MEMBER ALERT: AOPA will be closing at 1:45 p.m. Eastern on Dec. 6 and will reopen at 8:30 a.m. Eastern on Dec. 9.
October 15, 2008
By Elizabeth A Tennyson
The U.S. Air Force is asking for a Special Flight Rules Area near Phoenix, but AOPA is objecting to the proposal on the grounds that it would unnecessarily complicate the already busy airspace in the region.
The Air Force says the airspace is needed because of numerous near-miss incidents involving civilian and military aircraft. But AOPA points out that the Air Force data to support its claims is old, with no information about near-midairs after 2000. In addition, the Air Force is placing the entire burden for solving the problem on general aviation, refusing to change any of its own procedures.
“We are in the process of thoroughly analyzing the Notice of Proposed Rule Making (NPRM) for this airspace, but we are very concerned about any proposal that would make navigating the Phoenix area more difficult,” said Peter Lehmann, AOPA manager of air traffic services.
Under the NPRM, pilots would have to establish radio contact with Luke AFB to enter the airspace, much as they do to enter Class C airspace. But pilots who are unable to make radio contact or choose not to would have to make a nearly 100-nm detour around the airspace, which would abut most of the western side of the Phoenix Class B airspace.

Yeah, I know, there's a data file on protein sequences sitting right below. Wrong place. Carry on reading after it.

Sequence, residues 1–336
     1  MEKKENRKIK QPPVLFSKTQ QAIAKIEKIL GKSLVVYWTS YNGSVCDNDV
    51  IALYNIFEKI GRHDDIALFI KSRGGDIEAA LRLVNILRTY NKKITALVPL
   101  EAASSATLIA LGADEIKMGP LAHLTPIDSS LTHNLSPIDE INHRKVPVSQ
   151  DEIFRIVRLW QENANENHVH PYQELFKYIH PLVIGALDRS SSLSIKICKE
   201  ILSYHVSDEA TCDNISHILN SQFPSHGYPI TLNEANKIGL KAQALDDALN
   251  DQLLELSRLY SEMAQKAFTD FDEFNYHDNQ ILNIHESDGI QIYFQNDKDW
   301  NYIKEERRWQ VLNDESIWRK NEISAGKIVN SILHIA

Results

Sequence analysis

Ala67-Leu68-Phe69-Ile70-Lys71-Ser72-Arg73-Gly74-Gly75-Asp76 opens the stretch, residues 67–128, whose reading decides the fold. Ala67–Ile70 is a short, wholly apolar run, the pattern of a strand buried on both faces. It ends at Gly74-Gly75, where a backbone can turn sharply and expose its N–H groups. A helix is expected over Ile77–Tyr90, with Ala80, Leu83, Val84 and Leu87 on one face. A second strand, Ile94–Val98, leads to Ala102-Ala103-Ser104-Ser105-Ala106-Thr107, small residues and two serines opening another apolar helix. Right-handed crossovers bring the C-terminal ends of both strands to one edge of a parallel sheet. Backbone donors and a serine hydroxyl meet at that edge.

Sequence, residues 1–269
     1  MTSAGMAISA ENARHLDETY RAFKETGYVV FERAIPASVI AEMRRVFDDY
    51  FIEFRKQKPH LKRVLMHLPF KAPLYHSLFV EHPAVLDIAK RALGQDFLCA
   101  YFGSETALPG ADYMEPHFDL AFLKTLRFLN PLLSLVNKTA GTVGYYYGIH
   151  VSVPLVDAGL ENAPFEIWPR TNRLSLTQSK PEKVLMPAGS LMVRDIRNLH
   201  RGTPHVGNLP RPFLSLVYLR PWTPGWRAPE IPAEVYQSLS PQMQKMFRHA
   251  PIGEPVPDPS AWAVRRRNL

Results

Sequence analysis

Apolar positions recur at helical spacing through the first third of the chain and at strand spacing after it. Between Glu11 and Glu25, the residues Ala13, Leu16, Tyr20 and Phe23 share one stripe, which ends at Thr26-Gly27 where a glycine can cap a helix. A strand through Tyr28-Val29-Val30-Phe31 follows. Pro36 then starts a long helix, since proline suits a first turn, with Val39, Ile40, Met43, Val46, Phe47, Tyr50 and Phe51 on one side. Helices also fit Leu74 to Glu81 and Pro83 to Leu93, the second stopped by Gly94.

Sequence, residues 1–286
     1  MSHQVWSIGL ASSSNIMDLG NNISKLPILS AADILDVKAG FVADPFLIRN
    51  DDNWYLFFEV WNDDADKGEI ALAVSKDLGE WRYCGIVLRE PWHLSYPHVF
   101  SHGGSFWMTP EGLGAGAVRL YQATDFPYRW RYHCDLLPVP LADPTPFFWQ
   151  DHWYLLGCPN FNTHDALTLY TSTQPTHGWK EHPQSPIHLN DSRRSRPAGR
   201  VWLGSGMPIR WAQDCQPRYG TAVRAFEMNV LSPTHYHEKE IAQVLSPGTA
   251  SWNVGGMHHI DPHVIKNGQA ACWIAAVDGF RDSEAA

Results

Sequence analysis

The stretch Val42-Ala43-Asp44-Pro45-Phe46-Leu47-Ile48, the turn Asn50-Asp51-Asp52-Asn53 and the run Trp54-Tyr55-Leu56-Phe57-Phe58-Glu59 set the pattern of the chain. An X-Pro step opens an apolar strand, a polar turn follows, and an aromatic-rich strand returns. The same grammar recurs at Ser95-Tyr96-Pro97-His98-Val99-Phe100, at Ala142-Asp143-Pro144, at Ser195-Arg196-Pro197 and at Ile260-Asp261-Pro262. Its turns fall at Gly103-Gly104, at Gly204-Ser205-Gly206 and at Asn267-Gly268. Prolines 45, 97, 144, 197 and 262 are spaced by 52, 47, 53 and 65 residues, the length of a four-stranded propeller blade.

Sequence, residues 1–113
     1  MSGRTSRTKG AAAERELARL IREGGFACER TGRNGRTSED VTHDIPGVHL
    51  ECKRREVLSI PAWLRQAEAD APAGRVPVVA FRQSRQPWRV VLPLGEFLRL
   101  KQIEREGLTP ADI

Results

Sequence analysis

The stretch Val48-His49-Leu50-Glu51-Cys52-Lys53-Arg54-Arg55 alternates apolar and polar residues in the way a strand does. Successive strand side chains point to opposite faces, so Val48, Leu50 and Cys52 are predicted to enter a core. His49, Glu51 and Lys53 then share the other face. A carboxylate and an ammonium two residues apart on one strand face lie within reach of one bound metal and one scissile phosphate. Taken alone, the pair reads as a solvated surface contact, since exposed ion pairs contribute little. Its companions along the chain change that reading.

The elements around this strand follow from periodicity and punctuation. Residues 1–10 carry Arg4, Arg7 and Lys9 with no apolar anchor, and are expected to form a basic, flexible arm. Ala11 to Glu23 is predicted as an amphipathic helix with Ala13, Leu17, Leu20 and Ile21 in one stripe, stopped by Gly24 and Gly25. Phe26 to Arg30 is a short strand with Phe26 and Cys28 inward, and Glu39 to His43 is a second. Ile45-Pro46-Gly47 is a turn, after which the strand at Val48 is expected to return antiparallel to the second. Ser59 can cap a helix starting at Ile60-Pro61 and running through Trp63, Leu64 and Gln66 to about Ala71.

AOPA has been following this issue for nearly three years and plans to file comments detailing its concerns about the plan. Affected pilots are encouraged to file their own comments by mailing them to Docket Operations, M-30, U.S. Department of Transportation; 1200 New Jersey Avenue, SE., Room W12-140; West Building Ground Floor; Washington, DC 20590-0001. Comments must be received no later than Dec. 15.
FAA Systems and Airspace,
Department of Transportation,
Class B Airspace,
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AOPA is urging Santa Rosa County officials who operate Peter Prince Field in Milton, Fla., to revise proposed rules to eliminate potential conflicts.
The House has passed a bill requiring the TSA to consult stakeholders, including general aviation representatives, before making major changes to security policy.
AOPA thanks our members for their continued support in protecting the freedom to fly.